Extreme Self-Care for Depression
Written by Greg Hitchcock, in Section Therapy News
Implementing extreme self-care for depression in your life could be a vital tool on the journey to recovery from depression. Find out more about how the art of extreme self-care could be a transformative experience for your depression recovery journey and beyond.
Why Extreme Self-Care for Depression?
The expression”extreme self-care” comes from a book I read recently, The Art of Extreme Self-Care by Cheryl Richardson. But why “extreme” self-care? Why not just plain old self-care? I wondered this when I started the book, but it became clear quite quickly why the author uses this term.
Our society is a strange beast at times. Certain forms of selfishness seem to be socially acceptable (Black Friday store stampedes, for example) but at the same time, we criticize other behaviours that we perceive as selfish. Our society also expects constant busyness and productivity — stopping to take care of ourselves is seen as a luxury; whereas, Richardson argues that it’s as vital as the air we breathe. Crucially, extreme self-care and caring about and for others are not mutually exclusive.
Depression sufferers are often some of the most self-critical souls I’ve ever met and we are often deeply sensitive to people telling us we’re selfish because of our mental illness. But self-care for mental health is the cornerstone of our care. Maybe that’s why we need to call it “extreme self-care” – because it is far too important for us to ignore or put on the back burner.
Extreme Self-Care for Depression Is About Valuing Your Time and Energy
This is one of the most difficult aspects of depression and it’s the one I’m having the hardest time getting to grips with. Extreme self-care demands that we value and nurture ourselves every day, but I have a hard time letting go of my perfectionist tendencies. I was brought up with a strong work ethic; productivity is important and getting it right still more so. As a fairly new freelancer running my own business, it’s hard to switch off sometimes. The idea that I could say “no” or “not now” to a client was one that I found hard to wrap my head around. However, I also know that I need to do it, because I am very much stuck right now in an overwork/burnout cycle — and burnout often leads to depression. If this whole extreme self-care thing can help me balance out my life and avoid these burnouts, I’m willing to give it a go. Ask yourself this — is your current way of doing things working for you in helping you manage, recover from or avoid depression? If not, then what do you have to lose by trying it?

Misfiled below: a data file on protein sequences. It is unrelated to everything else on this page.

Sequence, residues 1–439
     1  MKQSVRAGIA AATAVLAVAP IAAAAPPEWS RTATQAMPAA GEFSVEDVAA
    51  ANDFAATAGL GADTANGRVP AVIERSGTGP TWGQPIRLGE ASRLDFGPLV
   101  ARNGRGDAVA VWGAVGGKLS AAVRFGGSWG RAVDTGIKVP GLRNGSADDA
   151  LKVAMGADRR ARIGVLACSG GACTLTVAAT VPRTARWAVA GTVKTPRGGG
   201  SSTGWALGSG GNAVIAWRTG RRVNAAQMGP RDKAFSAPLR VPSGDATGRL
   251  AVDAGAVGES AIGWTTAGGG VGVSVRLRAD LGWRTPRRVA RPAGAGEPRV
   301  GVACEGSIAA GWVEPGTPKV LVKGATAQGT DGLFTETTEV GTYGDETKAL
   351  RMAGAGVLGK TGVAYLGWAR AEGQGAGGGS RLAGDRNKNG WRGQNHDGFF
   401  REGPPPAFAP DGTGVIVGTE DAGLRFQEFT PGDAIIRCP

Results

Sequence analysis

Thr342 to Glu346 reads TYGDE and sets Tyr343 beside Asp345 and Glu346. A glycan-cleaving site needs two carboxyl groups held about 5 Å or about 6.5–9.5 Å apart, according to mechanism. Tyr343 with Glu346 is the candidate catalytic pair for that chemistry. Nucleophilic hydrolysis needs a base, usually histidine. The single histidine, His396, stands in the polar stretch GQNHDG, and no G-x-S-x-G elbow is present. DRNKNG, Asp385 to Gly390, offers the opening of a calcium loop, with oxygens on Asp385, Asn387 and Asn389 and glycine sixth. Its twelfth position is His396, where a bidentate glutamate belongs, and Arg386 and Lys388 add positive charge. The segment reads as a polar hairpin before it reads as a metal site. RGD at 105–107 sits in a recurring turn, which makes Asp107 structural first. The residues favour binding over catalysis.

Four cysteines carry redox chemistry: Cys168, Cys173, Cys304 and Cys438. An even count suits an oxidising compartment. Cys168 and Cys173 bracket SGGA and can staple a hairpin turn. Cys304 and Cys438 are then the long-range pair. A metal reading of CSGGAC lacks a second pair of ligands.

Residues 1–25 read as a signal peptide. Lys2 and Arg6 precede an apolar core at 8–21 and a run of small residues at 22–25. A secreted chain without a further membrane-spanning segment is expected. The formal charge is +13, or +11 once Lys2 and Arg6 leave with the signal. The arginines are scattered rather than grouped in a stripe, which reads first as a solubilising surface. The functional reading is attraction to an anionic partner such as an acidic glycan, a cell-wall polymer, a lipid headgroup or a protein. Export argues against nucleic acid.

If you’re still worried about saying “no” or “not now” at work or to clients or even to family, just consider this: if you always say yes to the extra duties or projects and the last minute requests, maybe your boss, clients or family will start thinking you don’t have enough to do. They, therefore, won’t value your time and effort as much if they think you’re just sitting there waiting for them to throw stuff at you. They might even start to think they’re doing you a favor by giving you work and that is not a position you want to be in, whether you’re an employee, self-employed or otherwise. Value your time and energy because if you don’t, nobody else will.
What Will You Do with Your Extreme Self-Care Time?
So let’s assume you say “no” to a couple of things and manage to carve out some time. The important thing is that you know what to do with it and make it count — and even more importantly, stick to it (Steps to Self-Care for Depression). For some people, it might be time to pursue a hobby or learning, but other people value switching off entirely, reading a book, watching a favourite television show or taking a long bath. Your self-care routine doesn’t have to conform to anybody else’s expectations because it’s about what makes you feel cared for, comforted and fulfilled.
Because of the expectations and pressures I’ve already described, it doesn’t always come naturally to prioritise caring for ourselves; but, like any other skill, the more you practice the more it’s likely to start becoming part of your life and a tool you can use to help manage, fight off and recover from depression. Your mind and body will thank you.
Image Attribution: Lauren Rushing, used under Creative Commons license.